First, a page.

La Ribera Baja de Navarra

Wine Touring in the south of Navarra The Ribera Baja, often referred to as the “kingdom of the vegetables”, is a flat river plain with sparse vegetation at the southern tip of Navarra between Aragón and La Rioja, a region dominated by the imposing Sierra del Moncayo mountain range to the southwest, and includes the…

Rioja Oriental

The Rioja Oriental, Spain’s largest sub-region is also its newest wine appellation and has been undergoing a winemaking transformation the past several years as a new generation of winemakers have reclaimed the long abandoned higher ground, bringing about a rebirth of the native Garnacha grape.  Known as the Rioja Baja until 2018, the Rioja Oriental…

Wine Touring – The Najerilla Valley

The Najerilla river flows from the mountains of the Sierra de la Demanda to the Ebro River making this a special corner of La Rioja, with a unique style of wine, the lower part of the valley yielding the region’s most balanced wines.  The valley, considered by many to be central to La Rioja vineyards,…

New Winemakers In The Rioja

There has been a number of new projects happening in the Rioja the past few years as a crop of new winemakers have emerged. A few belong to some of the oldest families in the Rioja, while others are newcomers who are changing the landscape of wine making in Spain. Roberto Oliván is a determined…

The Wines & Gastronomy of Spain – Ribera del Duero

Considered one of the most legendary winemaking regions in Spain, the Ribera del Duero, a short drive northwest of Madrid on Spain’s northern plateau, is home to some of the most elegant red wines in the world.  The appellation, or DO, straddles four provinces in Castilla y León: Valladolid, Burgos, Soria and Segovia.  The fabled…

The Wines & Gastronomy of Spain – The Rioja

Rioja Alta, Alavesa & Baja No adventure in Spain would be complete without a visit to Spain’s oldest and best known wine region, considered the “benchmark” of Spanish winemaking.  Stunningly beautiful year around, the Rioja is an ancient region dating from the Neolithic era, where you’ll find atmospheric fortress towns on a hill, some with…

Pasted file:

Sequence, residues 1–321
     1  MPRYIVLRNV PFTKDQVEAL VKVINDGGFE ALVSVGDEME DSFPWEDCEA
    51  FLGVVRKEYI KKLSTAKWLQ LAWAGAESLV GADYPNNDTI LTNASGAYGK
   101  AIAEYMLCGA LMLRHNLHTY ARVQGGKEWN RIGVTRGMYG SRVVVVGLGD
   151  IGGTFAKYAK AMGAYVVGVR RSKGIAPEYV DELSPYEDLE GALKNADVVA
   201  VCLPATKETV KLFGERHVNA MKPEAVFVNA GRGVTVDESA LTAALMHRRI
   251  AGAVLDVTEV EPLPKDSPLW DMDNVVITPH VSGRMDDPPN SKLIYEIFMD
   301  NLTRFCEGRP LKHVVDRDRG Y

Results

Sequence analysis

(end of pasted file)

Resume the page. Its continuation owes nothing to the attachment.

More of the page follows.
Madrid’s Haute Cuisine Temples

Michelin stars and Repsol suns For a splash out, or budget-be-damned, celebratory dinner, Spain’s capitol city has an abundance of outstanding restaurants from which to experience some of the countries best cuisine, including twenty-two of which have been awarded Michelin stars, and eighty-five earning 1 to 3 Repsol suns for 2020.   Álbora Without doubt…

The Sherry Triangle – Day Three, Sanlúcar de Barrameda

  Along The Guadalquivir River Sitting at the mouth of the Guadalquivir River, Sanlúcar is well known for its sherry cellars, fresh seafood and horse races on the golden sand beach in August.  The Carreras de Caballos de Sanlúcar de Barrameda is now in its 175th year.  Parque Nacional de Doñana lying across the river,…

The Sherry Triangle – Day Two, El Puerto de Santa María

Located just 8-minutes southwest of Jerez on the MD commuter train (4,05€/one-way), El Puerto, across the bay from Cádiz, is known for its beaches, pine woods and whitewashed houses, and from where Columbus set sail on his second voyage to the Americas.  The old cities cobbled streets are lined with orange trees and typical Andaluz architecture,…

Day Trips in the Sherry Triangle – Day One, Cádiz

Should you find yourself in Jerez de la Frontera for the 25th Flamenco Festival in late February 2021, you’ll discover that you can easily do a day trip to visit the oldest continuously inhabited city in Europe, Cádiz, Spain’s ancient port city on the Costa de la Luz, as well as the main Sherry centers of El Puerto de Santa María and…